Beliefs in the end of time – or at least an end to life as we know it, a dawning of a new reality or consciousness or creation of a utopian world, usually by way of a deity’s intervention – are deeply grounded in ancient religious doctrine. Christian eschatologies, dealing with final destinies, are preoccupied with the fulfilment of biblical prophecy of the second coming of Christ, Judgment Day, a new vision of heaven and hell.

Even after the Enlightenment, reason and rationality have not satisfied mankind’s thirst for answers to the riddle of existence and the world’s ultimate fate. In common with advocates of medical miracles, doomsayers lurk in the gaps in scientific knowledge, in the spats between experts and in the confused complexity of scientific knowledge.

As humankind has come to understand its minuscule place in an infinite universe, the wrath of an angry God has given way to Cold War nuclear weaponry as the method of choice of our own destruction, which in turn has been usurped by stray asteroids, solar flares and sudden reversals of the magnetic poles.

Professor Catharine Lumby, the director of the journalism and media research centre at the University of NSW, suggests the 2012 movement and others that are sure to follow are symptomatic of the same shifting paradigm that has propelled Julian Assange to the world stage.

Conspiracy theories abounded in mediaeval times when dissent peaked against the oppressive authority of the Catholic Church. This was when the French seer Nostradamus supposedly predicted World War III. The same could be true today – except elected government has supplanted the Pope and the internet is the printing press for today’s disenfranchised and disempowered.

At the core of public support for WikiLeaks, Lumby says, are distrust of mainstream authority and public exasperation with spin-doctoring. These also drive the quest to expose cover-ups – Roswell, JFK’s assassination, September 11 – or to delve down to source material unedited and unmediated by a scientific elite or a government coterie.

”There have always been conspiracy theories. The Virgin Birth is one,” she says, ”but the internet has allowed people with unusual ideas about actual events to connect and multiply their theories and this is why it is critical that we counter irrational ideas with no evidence with far better and transparent information.”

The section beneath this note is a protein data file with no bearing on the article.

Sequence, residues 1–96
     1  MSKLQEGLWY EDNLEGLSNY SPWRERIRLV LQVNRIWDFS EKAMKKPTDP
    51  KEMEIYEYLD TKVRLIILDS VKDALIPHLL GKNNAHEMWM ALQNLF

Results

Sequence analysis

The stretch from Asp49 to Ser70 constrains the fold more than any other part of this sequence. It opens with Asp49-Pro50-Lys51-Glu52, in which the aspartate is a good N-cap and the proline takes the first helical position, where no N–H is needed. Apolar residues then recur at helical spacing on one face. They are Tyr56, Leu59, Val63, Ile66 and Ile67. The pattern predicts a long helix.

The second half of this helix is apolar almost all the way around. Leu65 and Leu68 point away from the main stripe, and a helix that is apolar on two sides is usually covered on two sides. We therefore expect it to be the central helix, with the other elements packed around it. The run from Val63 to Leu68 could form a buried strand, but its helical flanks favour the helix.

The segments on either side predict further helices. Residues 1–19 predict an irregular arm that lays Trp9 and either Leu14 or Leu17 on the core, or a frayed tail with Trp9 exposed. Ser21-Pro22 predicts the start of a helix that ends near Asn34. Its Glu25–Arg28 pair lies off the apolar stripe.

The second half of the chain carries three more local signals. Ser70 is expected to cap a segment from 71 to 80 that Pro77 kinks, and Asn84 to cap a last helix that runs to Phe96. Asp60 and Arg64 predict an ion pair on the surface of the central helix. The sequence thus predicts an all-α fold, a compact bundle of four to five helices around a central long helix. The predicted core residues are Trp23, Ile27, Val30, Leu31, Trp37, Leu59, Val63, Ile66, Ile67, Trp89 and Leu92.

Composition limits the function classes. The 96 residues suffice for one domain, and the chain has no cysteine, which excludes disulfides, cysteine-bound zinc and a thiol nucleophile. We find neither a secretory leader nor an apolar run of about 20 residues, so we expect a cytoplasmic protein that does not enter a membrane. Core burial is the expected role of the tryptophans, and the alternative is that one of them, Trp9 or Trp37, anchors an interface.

Like it or not, doomsaying, in one form or another, is as deeply ingrained in human nature as pessimism and fatalism. A man of science and the Bible, Sir Isaac Newton predicted in 1704 that the world would end no earlier than 2060 to discredit ”fanciful men who are frequently predicting the time of the end and by doing so bring the sacred prophesies into discredit as often as their predictions fail”.

If plain speaking matters, it may be timely to remind those heading for refuge in the world’s highest peaks that the Mayans failed to predict their own demise, 1100 years ago.

Printed today in The Sydney Morning Herald.

A brief history of End of the World Predictions

Should you be worried about the “end of the world” which is supposed to happen at the end of the Mayan Calendar in December 2012? If you were born before 2000 you have already survived an “end of the world” scenario.

The human race has survived quite a few of these events and the world is still turning. The prophecies of the world ending are as old as time itself. It is understandable that people believed these prophecies in ancient times when their understanding of how the world works was negligable. But have we moved on from those ancient beliefs? Even though we know so much more about science now it seems that a lot people still believe in these ancient prophets. One of the early belief was that the world would end in 1000 AD and legend has it the Pope Sylvester ll feared the coming of the new millennium would bring the end of the world. But as we know now – that didn´t happen.